Things to look for in an iFrame payment form are the ability to customize both the look and feel of the form as well as the structure of the form itself. This often manifests as the ability to position the credit card number and CVV fields independent of one another and set custom CSS properties on these fields, even though they live inside your provider's iFrame. While a more complex implementation for the merchant, this results in a better checkout rates for online¬†merchants and better brand experience for the customers.
Old-school payment companies tend to be cut of a different cloth than modern technology or developer tooling companies. Large institutions can be secretive and protective of their technical documentation, which can meaningfully delay your integration effort. Thankfully, this divide is closing. But you should accept nothing less than publicly available integration guides, technical
documentation, and self-service test credentials.
Having documentation is very different from having good documentation. Your provider‚Äôs developer documentation should be clearly organized both by purpose (mobile payments, etc‚Ä¶) and product (iFrame form, etc‚Ä¶). Additionally, the API documentation should be very clearly separated from the general guides. Guides are good for walking developers new to the toolset through the features and tend to be prose-oriented. API docs are good for when you know what you‚Äôre looking for and just need to see the raw technical details. These are two very different purposes best served by two different structures.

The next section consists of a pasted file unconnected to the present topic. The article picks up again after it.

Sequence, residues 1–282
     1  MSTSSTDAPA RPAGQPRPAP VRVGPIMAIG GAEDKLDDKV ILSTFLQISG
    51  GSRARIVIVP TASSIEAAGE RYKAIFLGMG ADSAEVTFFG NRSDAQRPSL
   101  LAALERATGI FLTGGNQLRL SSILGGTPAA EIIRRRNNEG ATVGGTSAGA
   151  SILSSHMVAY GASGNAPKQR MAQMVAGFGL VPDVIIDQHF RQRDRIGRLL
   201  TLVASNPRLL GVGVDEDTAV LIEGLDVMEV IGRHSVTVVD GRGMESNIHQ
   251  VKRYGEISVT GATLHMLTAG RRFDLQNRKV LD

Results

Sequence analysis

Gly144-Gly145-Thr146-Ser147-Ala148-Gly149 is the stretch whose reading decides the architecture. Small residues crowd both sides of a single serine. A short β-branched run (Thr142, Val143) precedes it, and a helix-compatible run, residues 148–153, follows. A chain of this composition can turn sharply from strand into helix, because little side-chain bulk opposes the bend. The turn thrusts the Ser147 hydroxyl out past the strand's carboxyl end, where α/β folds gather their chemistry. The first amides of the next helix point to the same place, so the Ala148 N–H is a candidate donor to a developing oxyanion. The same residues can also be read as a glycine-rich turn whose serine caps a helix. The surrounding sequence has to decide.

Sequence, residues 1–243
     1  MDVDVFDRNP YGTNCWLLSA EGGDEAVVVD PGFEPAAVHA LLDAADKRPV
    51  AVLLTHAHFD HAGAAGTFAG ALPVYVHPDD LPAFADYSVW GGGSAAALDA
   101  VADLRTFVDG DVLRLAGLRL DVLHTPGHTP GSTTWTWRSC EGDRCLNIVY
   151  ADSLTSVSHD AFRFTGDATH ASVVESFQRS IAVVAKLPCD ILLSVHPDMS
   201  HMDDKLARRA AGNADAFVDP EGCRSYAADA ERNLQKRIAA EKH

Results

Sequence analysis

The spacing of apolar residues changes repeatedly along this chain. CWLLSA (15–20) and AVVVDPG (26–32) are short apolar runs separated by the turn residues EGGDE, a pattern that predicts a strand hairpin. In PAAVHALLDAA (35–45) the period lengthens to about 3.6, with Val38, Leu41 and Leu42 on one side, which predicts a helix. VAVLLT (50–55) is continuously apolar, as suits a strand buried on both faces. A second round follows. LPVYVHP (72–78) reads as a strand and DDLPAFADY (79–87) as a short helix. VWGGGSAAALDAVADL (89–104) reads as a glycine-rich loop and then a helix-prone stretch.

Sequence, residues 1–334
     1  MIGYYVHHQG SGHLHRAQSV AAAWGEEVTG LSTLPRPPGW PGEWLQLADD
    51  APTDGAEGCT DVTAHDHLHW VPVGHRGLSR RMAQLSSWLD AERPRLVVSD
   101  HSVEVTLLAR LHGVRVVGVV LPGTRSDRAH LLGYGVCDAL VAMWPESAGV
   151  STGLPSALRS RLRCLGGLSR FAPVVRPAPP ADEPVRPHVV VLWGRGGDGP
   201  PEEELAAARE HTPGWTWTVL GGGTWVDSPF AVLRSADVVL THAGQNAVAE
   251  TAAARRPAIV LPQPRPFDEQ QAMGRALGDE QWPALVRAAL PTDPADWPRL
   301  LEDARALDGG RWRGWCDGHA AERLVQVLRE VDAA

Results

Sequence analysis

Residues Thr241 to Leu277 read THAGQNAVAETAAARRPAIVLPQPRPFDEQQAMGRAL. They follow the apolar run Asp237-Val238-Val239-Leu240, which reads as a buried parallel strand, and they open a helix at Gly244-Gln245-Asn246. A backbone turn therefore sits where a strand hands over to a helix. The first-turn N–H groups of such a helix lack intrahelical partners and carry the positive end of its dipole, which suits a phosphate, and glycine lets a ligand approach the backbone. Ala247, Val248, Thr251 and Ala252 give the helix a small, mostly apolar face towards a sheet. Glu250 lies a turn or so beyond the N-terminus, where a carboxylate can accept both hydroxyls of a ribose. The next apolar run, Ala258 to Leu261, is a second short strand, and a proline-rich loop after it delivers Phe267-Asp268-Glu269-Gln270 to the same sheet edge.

iFrame Payment Form Comparisons
At Spreedly, it's our job to provide integrations to over a hundred payment gateways. As a result, we have a lot of relevant experience with iFrame payment forms. We have
as well. Let's look at how a few popular gateways' iFrame forms stack up by these characteristics:
If your payment gateway provides a really clean iFrame payment form that adheres to all the points raised here, then lucky you! However, chances are if you're using any but the top 3-5 developer-oriented gateways, your iFrame payment form options will be lacking. What to do in that case? Switching payment gateways is always an option, but many times there are business reasons to keep your existing processor.
That's where Spreedly comes into play. Spreedly modernizes your antiquated gateway. Spreedly's tooling, built¬†by developers for developers as part of a modern payment stack, lets you integrate with the payment gateway of your choice.
I hope this guide was helpful. Please sign up for a free developer account at Spreedly if you're not happy with your gateways' tooling. You can also view the Spreedly iFrame documentation if you want a point of comparison.
*See the latest updates regarding iFrames here*